Continuing where her critically acclaimed memoir Tasting the Sky: A Palestinian Childhood (2007) ends, Ibtisam Barakat shares stories of growing up during the Palestinian-Israeli conflict from 1971 to 1981. Balcony on the Moon succeeds in creating a vivid picture of normal family life, but “normal” for Barakat means moving frequently because of war, loving her Islamic religion and experiencing familial conflict due to lack of opportunities in Israeli-occupied territories. Through Barakat’s search for what it means to be Palestinian, readers see her learn, grow and change.
Many people think it is aayb, shameful, when Barakat’s mother becomes a student and attends a co-ed school. Within this culture’s strict familial code, a certain type of commitment is necessary if a person wishes to pursue a dream, and Barakat experiences similar difficulties due to her strong belief in education.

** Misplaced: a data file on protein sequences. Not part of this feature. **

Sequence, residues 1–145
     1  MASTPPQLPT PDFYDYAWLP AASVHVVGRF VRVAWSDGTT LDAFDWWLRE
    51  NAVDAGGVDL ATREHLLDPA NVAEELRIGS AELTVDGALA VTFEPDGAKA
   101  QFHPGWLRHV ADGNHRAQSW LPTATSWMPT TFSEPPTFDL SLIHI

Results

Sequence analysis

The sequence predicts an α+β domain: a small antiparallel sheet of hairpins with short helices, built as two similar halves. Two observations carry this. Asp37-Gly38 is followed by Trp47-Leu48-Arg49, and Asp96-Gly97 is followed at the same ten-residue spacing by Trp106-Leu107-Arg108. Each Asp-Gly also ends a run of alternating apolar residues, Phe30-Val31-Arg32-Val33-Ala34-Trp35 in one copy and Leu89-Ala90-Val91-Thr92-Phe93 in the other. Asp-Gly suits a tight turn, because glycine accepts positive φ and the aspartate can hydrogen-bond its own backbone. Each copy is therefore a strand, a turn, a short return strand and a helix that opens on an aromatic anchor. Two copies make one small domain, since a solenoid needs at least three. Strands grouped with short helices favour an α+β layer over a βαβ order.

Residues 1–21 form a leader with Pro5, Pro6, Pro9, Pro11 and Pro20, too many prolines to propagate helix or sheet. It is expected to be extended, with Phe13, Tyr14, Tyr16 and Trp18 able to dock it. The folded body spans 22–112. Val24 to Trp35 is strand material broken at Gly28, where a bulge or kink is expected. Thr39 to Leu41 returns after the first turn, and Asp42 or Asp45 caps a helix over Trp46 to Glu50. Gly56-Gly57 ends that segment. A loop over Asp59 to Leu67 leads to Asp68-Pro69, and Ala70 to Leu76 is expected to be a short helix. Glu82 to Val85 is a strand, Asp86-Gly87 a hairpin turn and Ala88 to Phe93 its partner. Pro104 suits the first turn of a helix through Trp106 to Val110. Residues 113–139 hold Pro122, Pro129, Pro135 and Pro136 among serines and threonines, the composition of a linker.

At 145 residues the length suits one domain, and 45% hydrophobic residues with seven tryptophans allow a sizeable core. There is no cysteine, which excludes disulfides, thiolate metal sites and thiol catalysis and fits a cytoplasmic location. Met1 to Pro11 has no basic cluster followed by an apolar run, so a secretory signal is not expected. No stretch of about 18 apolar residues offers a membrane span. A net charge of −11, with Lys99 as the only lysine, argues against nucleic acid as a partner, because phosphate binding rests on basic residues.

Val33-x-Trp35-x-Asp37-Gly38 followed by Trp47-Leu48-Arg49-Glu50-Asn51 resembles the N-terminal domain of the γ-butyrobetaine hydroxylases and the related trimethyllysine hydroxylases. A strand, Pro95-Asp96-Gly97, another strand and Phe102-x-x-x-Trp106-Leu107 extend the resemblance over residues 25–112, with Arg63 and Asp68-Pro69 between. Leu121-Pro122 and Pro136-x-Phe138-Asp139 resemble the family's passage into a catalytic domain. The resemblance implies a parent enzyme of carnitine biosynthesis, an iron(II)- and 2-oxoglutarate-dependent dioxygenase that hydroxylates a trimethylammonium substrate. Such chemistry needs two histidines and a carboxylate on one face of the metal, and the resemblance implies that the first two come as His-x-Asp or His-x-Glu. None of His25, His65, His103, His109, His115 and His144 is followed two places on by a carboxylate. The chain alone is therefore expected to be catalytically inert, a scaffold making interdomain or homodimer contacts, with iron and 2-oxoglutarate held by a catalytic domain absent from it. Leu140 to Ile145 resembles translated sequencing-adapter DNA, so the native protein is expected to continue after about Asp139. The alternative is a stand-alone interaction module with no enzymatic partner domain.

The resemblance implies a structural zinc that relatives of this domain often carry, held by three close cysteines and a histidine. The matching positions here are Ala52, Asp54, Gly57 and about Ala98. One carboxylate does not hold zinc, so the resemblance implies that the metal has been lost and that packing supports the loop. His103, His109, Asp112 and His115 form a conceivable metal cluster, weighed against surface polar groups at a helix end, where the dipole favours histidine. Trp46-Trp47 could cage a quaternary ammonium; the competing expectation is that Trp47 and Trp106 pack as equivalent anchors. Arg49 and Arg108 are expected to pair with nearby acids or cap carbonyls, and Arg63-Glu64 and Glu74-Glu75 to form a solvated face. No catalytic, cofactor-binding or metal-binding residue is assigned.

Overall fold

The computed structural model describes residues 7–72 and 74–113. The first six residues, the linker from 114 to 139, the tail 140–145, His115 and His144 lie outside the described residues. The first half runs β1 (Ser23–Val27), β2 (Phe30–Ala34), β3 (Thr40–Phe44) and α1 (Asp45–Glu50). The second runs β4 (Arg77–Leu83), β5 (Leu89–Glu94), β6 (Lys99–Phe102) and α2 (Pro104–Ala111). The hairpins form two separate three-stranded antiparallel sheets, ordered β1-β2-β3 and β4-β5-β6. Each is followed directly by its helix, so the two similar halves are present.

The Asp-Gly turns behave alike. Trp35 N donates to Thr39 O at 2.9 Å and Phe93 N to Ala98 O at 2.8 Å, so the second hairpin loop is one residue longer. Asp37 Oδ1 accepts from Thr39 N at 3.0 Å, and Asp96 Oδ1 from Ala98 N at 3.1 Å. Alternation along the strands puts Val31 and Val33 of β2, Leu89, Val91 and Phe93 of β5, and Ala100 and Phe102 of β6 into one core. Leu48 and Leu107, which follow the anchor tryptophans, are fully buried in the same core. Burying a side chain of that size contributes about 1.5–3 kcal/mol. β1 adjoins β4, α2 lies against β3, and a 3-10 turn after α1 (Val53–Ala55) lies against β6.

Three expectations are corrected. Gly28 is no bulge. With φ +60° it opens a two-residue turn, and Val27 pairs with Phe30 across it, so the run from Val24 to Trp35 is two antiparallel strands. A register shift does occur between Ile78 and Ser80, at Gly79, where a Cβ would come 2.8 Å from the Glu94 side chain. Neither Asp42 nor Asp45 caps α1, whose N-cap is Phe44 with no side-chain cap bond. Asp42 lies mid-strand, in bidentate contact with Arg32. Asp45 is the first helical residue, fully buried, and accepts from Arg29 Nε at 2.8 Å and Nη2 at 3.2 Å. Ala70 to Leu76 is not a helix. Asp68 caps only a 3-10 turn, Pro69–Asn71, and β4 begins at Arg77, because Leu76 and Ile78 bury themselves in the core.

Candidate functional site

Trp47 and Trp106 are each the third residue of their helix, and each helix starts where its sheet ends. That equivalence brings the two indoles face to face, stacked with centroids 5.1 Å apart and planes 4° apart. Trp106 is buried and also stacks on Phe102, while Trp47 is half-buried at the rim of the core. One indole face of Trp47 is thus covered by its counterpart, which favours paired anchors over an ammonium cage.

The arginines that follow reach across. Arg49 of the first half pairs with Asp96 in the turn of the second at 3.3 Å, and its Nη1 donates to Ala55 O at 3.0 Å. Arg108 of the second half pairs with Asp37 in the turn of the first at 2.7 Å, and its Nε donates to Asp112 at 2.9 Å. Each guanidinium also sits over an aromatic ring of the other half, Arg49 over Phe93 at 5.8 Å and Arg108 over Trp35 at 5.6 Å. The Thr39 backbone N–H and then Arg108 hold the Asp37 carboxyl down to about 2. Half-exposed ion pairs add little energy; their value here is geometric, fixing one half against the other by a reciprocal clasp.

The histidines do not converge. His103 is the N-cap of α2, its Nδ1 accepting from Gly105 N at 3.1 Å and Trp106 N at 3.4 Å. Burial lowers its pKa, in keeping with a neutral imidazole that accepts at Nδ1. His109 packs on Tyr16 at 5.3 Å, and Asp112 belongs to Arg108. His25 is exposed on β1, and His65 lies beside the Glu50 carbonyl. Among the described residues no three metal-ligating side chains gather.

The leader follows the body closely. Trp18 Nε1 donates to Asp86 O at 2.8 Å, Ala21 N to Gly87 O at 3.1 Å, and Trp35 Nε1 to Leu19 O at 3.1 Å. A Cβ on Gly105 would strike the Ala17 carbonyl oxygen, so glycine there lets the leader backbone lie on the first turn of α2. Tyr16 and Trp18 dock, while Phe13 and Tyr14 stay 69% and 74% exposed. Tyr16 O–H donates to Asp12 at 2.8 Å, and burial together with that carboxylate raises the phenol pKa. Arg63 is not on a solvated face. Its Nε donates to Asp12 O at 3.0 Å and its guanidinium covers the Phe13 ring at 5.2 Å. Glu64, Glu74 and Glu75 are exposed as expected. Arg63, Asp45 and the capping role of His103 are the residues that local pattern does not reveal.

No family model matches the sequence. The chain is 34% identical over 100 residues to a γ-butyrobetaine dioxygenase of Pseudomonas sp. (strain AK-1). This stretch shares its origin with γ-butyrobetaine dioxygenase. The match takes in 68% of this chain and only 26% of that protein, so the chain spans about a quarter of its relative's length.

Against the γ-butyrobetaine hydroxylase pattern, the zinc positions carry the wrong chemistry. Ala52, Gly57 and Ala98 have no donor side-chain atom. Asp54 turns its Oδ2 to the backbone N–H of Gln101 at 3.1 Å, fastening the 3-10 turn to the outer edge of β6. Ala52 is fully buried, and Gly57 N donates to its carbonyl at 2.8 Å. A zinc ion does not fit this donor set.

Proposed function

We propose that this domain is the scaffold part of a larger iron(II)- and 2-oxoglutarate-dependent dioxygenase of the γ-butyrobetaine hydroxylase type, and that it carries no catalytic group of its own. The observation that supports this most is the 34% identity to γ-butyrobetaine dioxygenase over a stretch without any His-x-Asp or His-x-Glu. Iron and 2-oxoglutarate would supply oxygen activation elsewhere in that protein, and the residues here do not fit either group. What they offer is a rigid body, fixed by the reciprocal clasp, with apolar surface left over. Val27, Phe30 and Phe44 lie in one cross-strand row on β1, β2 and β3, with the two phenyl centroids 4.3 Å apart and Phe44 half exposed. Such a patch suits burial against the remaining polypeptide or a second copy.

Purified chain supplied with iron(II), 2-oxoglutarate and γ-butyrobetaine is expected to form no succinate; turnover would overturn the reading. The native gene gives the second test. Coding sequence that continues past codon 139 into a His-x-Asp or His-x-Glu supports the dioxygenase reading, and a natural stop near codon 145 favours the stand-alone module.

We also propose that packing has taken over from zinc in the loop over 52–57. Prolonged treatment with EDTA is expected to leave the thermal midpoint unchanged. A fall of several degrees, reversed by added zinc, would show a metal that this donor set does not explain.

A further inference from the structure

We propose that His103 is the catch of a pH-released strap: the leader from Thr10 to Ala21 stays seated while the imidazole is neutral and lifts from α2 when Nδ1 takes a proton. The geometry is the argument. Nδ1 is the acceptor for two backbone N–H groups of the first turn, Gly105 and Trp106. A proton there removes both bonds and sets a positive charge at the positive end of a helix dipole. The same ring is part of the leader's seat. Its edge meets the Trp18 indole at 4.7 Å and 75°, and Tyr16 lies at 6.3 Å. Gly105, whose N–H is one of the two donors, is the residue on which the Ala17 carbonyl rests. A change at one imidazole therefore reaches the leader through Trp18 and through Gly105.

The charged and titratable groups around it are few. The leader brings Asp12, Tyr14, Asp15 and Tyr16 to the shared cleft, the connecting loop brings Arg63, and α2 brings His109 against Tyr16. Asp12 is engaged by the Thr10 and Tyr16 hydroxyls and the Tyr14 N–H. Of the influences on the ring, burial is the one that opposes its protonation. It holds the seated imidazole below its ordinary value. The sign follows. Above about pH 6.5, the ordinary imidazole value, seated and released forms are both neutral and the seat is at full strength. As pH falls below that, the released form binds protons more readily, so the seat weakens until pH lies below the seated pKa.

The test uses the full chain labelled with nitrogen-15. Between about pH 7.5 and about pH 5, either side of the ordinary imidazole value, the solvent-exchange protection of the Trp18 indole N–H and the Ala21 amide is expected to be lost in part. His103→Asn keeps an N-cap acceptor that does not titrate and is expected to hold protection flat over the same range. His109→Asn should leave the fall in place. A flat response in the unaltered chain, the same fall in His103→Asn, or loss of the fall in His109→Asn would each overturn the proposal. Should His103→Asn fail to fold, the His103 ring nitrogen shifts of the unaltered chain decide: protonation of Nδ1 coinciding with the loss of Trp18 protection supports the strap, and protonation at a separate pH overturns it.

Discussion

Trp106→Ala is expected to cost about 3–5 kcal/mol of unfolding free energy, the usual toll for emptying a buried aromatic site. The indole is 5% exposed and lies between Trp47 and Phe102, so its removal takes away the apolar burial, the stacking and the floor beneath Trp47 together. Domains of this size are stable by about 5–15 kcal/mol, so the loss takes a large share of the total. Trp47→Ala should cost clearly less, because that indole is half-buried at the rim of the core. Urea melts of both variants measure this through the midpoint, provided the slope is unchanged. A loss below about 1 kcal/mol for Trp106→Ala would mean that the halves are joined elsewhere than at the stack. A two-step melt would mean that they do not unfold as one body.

Barakat’s memoir weaves a balance between the personal, public and political aspects of coming of age in a war-strafed region. A hopeful writer from a young age, Barakat kept journals all her life, and material from these young musings provides a rich storehouse of scenes, memories and details that make the story strum with authenticity. Sprinkled throughout are Arabic words with English equivalents, adding to the story’s sense of reality.
The original version of this review inaccurately transliterated the Arabic word for "shameful." We regret the error.